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Mavericks won't give Monta Ellis a raise if he opts out, per report

Ellis wants a raise on his current salary, but the Mavericks aren't inclined to give him one.

Matthew Emmons-USA TODAY Sports

Monta Ellis will opt out of his contract in the hopes of getting a raise, but it won't come from the Mavericksreports ESPN's Tim McMahon.

After failing to attract a big offer last time he entered free agency, Ellis settled for a modest offer by Dallas and became a bargain after averaging 19 points and four assists per game. While he has been good for them, it looks like the Mavericks are not looking to bring him back if he opts out of his $8.7 million player option to pursue a bigger contract.

So, Ellis might have played his last game in a Mavericks jersey.

Why it makes sense

The Mavericks are reportedly in the running for both LaMarcus Aldridge and DeAndre Jordan, so they have bigger targets than Ellis. For them to have enough cap room to sign either of those stars, and either retain Tyson Chandler or add another piece, they would need to renounce Ellis' rights to remove his cap hold. They would surely not hesitate to do so, which means that if Ellis opts out, the only scenario in which Dallas might bring him back would be if other free agents spurn them.

Even then, they might be hesitant. McMahon reports that Ellis is perceived as someone "whose moodiness and selfishness negatively impacted the team's chemistry." Previous reports suggest Ellis was not at all happy with Chandler Parsons making almost twice the money he made and wasn't comfortable sharing the ball with Parsons or Rajon Rondo.

Finally, McMahon reports that the Mavericks are trying to improve on defense at the wing and Ellis doesn't help them there. Dallas finished with a top-five offense, but were 18th in defensive efficiency. Upgrading at point guard with Rondo didn't help, and with Parsons and Dirk Nowitzki under contract, the only spot at which they can really improve is shooting guard.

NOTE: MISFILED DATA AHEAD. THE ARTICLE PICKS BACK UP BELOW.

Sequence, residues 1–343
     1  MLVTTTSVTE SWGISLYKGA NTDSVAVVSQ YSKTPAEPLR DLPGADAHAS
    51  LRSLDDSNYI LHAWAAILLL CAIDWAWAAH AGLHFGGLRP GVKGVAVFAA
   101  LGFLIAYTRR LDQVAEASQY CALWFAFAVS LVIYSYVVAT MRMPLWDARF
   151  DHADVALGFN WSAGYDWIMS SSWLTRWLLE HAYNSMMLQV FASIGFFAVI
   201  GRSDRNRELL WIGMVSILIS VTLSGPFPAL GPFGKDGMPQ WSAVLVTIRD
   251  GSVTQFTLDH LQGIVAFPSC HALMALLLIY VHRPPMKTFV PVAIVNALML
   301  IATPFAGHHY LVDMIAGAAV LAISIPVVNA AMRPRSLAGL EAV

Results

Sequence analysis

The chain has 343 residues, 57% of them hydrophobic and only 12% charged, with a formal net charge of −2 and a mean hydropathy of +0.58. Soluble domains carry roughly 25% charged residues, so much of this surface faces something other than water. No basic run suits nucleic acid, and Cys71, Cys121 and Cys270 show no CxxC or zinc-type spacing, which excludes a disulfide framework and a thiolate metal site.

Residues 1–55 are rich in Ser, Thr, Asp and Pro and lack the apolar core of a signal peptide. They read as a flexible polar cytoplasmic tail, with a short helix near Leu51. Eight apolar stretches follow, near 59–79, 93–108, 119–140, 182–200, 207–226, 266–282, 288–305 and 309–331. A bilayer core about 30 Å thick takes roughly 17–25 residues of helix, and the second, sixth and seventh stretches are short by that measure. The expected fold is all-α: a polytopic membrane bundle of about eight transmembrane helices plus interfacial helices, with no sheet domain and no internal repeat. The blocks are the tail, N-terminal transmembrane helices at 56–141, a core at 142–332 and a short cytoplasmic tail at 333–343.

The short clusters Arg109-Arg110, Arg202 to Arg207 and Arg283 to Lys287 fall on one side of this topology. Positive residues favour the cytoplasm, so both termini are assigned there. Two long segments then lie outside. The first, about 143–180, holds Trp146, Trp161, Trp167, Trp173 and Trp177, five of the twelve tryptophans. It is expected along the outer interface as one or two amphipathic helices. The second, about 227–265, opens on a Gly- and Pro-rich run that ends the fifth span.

Why it doesn't make sense

The Mavericks might find themselves in the same situation they were in when they signed Ellis the first time: with a lot of cap space, but no big name free agent willing to commit to them. Aldridge and Jordan could get more money by staying with their current teams. Marc Gasol signing in Dallas is a long shot and any other free agents won't really move the needle. Dallas would be wise to hold on to the rights to Ellis and, if no one else bites, bring back their leading scorer from the past two seasons, even if he's a little more expensive.

Ellis' attitude issues reportedly stem from Parsons making a lot more money than he does, which would be solved by a new contract with a raise. Rondo won't be with the team next season, so Ellis won't have to play off the ball anymore. Rick Carlisle is a good enough coach to find enough touches for both Ellis and Parsons, and if that happens, tensions between the two will surely dwindle. At his best, Ellis was a borderline All-Star for Dallas. If he can get back to that level, he'll be worth the headaches.

As for improving on defense, the Mavericks could do that by keeping Chandler and adding a wing defender who can slide down to cover point guards in crunch time, moving Ellis to the other team's weakest offensive player. Considering the other two points guards on the roster are Devin Harris and Raymond Felton, Ellis would likely spend significant time at lead guard anyway.

Likelihood of happening: 7/10

It's not the first time reports coming out of Dallas have painted Ellis as a selfish player. For the money he was making, he was a steal. But if he can't accept a slightly reduced role to make room for Parsons, it's not surprising the Mavericks are ready to move on instead of offering a raise. Unless they strike out on all other notable free agents and Ellis can't get a good offer from any team once again, chances are they will part ways this summer.